Wednesday, March 02, 2011

Talking About Your Research.. in class

Today in Scientopia, I discuss the phenomenon in which some professors are praised by their undergraduate students for talking about their (the professor's) research in class, whereas others are criticized for the same thing. In the latter case, mention of research in a class may be seen as proof that the professor only cares about research.

Should we talk about our research in class, and if so, how can we do it well?

11 comments:

A.M.M. said...

As a final year undergraduate, I found when it came to choose my project I had no idea what any of my prospective supervisors actually did. A short 5 minute introduction into your research area at the start of a lecture course would be very helpful to give an idea of the overview of current development in science.

Also, listening to anyone who is passionate about something is always interesting, so long as I have sufficient enough knowledge to understand. So if relevant to a lecture course then do describe your own research as examples! Also, personal experience when doing experiments is always useful (like tips and tricks which are left out from methods in papers).

Anonymous said...

During my undergrad my profs and lecturers all did that and it gets more routine as the classes became more advanced so I don't really see a problem in it. In addition, there's nothing better than listening to someone talk about things that they know very well about...their research!

pranusha said...

It depends on the mind set of professor and explanation given by the graduate.

ABT said...

I'm in the social sciences, so this may not be true for those who aren't... but I think that a lot of whether we "should" or not depends on what our research is and what the class is. I do qualitative work on gender and sexuality that is very relevant to the lives of students. I definitely talk about my work in courses that explicitly deal with that, but I don't talk about it in my 101 course unless students ask me what my work is on. I have in-class activities that use my research to teach students about some of the complexities of gender and sexuality, which are more fun than a lecture and involve the students with the work, instead of them thinking I only care about research.

The short answer: If your topic is one students can relate to or find interesting in the context of the course, go for it. But do more with it than just lecture or mentioning it every day class meets - engage the students in active learning. :)

Dr. Rural said...

It depends on whether your research is relevant to the course and how much you talk about it. If a history professor is an expert on the important revolutionary-era physician Dr. Benjamin Rush and tosses a lecture about him into their general U.S. survey, that's fine. If he or she spends six weeks of a semester that is supposed to cover everything from1492 to 1865 on him, then that is wasting the students' time.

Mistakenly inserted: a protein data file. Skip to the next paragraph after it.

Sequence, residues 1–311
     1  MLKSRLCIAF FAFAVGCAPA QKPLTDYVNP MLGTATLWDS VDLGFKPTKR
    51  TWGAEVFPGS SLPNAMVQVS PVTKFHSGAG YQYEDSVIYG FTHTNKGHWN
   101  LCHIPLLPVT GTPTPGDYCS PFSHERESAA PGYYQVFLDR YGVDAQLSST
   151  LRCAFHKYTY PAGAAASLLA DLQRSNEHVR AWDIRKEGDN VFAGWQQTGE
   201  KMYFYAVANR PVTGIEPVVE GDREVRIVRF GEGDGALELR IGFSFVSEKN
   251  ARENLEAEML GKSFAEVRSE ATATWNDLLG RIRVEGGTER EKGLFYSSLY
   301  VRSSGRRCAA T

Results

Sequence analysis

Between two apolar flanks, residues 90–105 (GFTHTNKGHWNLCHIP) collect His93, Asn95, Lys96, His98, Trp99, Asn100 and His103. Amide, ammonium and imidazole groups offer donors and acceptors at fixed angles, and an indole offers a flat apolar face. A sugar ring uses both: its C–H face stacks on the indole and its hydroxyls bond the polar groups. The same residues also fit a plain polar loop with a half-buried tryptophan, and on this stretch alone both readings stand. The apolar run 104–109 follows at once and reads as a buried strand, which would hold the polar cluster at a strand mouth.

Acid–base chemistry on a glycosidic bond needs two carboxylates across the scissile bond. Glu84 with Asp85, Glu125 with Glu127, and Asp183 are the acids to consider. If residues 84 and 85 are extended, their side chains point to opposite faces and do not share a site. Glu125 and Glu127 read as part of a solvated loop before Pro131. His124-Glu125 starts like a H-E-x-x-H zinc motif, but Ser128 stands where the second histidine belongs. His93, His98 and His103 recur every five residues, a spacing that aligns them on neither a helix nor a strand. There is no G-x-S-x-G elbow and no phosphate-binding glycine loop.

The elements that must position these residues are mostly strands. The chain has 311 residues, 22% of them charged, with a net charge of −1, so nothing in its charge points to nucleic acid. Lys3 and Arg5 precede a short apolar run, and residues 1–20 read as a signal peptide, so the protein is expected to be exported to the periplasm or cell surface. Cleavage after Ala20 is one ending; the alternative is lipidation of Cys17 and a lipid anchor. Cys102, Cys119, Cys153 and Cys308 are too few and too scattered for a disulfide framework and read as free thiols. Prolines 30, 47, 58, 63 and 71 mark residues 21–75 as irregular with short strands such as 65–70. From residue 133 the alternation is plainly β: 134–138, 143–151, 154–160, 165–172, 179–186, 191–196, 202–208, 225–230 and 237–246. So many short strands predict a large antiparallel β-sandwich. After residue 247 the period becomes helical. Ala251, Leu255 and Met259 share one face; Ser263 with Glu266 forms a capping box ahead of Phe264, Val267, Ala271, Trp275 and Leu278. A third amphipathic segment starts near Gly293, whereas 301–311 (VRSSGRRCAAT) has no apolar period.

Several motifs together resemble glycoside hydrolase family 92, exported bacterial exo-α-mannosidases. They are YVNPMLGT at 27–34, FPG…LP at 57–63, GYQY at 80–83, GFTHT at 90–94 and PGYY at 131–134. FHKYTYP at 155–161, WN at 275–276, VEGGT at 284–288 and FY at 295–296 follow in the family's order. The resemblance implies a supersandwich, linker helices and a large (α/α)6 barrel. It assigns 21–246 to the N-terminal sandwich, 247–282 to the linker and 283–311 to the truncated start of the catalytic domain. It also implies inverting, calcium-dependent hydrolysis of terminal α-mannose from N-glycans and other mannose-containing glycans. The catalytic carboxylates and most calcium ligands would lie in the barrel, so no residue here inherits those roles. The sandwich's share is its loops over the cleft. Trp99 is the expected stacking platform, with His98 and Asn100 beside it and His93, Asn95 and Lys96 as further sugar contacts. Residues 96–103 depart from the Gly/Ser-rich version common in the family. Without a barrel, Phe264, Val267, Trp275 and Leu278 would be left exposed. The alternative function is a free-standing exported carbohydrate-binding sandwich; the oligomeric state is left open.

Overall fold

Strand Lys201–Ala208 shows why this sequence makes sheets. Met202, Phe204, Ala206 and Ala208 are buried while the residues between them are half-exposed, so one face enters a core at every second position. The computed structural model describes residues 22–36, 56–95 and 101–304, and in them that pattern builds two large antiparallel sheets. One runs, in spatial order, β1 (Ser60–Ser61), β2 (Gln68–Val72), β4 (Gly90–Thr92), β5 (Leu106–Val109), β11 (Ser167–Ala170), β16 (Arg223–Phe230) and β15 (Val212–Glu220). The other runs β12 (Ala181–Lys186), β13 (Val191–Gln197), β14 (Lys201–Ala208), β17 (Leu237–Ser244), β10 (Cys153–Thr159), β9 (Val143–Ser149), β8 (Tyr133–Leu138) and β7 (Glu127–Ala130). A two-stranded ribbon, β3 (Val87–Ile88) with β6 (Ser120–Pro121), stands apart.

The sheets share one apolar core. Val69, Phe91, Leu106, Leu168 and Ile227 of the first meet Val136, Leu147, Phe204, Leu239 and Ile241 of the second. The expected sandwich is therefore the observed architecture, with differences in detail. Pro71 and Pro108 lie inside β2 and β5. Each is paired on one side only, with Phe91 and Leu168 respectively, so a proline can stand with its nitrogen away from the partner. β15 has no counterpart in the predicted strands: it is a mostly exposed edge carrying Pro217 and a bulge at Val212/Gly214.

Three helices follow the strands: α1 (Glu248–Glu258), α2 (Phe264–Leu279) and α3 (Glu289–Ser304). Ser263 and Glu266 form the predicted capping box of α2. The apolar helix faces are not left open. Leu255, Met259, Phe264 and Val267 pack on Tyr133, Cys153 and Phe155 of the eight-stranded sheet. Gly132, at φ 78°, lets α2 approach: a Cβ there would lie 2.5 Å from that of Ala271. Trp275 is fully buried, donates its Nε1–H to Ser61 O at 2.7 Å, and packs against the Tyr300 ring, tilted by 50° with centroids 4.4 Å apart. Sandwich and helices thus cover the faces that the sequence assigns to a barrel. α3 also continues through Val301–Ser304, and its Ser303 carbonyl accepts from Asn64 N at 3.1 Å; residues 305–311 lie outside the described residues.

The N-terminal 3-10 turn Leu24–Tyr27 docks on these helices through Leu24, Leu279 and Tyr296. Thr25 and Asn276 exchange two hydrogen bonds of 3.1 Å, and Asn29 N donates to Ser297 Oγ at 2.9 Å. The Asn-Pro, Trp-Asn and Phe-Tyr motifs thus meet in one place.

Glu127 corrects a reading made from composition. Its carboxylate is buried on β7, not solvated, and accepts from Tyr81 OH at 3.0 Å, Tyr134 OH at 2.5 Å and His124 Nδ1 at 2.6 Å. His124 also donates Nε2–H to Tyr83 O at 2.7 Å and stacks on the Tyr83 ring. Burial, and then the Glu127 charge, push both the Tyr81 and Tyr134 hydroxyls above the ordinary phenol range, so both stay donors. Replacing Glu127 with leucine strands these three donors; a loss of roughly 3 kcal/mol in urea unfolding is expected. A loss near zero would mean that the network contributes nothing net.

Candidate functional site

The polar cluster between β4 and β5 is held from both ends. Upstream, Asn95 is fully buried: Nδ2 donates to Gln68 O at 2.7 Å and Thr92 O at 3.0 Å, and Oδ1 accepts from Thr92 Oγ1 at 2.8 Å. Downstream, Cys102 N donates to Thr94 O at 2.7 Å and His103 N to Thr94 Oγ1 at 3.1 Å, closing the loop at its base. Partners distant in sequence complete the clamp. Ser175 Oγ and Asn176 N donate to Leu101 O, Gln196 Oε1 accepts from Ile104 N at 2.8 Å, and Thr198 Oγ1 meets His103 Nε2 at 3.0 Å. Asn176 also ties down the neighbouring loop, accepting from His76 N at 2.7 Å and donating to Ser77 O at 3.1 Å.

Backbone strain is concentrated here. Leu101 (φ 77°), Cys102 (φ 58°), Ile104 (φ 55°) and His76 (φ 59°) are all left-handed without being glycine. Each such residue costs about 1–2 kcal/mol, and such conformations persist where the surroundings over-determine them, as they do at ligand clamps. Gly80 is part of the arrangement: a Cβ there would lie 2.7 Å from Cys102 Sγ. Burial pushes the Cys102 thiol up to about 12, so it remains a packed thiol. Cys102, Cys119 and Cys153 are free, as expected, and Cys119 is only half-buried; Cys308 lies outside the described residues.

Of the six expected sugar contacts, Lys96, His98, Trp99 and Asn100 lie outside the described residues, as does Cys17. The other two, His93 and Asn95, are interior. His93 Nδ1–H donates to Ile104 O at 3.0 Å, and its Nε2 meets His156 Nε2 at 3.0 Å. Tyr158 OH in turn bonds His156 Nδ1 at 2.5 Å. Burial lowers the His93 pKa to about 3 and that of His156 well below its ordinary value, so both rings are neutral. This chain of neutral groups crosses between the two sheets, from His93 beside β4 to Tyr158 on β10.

Anonymous said...

As an undergraduate student I liked when my teachers (and even TA's) talked about their work. It makes them seem more human and real. Also, I feel like it could help in the graduate school application process. It is difficult to know what you want to spend your graduate career researching if you never even hear about research being done. Caution should be used to not bog down the poor student with complicated details and complex terms. This all being said, I also believe that being a good (or bad) teacher is not related to talking (or not talking) about research. Good teachers are good teachers and bad teachers are bad teachers regardless of research.

Anonymous said...

In a lower division class I always mention my research on the first day and how the class leads to working in my field, what class to take next and so on. It gives some students a sense of who I am, others could not care less but are happy for less lecture on day one.

in more advanced classes I explain how what we are doing is like stuff I do (whenever that is true). Again, no one seems to mind and are actually happy to them come see me for more info.

As in everything, balance is important!

A.M.M. said...

^^
Above comments I would agree with. Indeed some lectures are just good and some bad (and some improve with experience I'm sure)

Dr. Rural's point is very poignant and very clearly the way not to do it (even though I'm sure many have sat through courses like that).
Unless you actually want to hijack that line of research, that much detail is probably irrelevant and outdated by the time of graduation.

Although (hopefully) that is a minority case and normally talking about research is great.

clay said...

While I actually love hearing about professors' research ambitions, I think this should be kept to a minimum in a class setting, where the professor has institutional power and students have an institutional obligation to obey.

Clearly, professors shouldn't discuss their personal lives with students. While their research work is clearly educational and motivating and potentially class related, it's also about their personal careers and ambitions.

Nick Thomas said...

I have rarely mentioned it over the years, but if fits into a slice of gen chem I might.

Emily said...

As a student, I appreciate hearing about a professor's work and reading their papers if it's relevant to the topic of the course. However, I had a professor assign as homework a series of letters from a dispute between himself, a prominent reviewer, and an editor, which he also read out loud during class complete with self-congratulations for particularly clever comments. He claimed this was supposed to teach us how academia "really works," but even though I intend to become an SP myself, I don't think this was an appropriate way to do it. I ended up dropping this professor's class. Anyone else have an experience like this?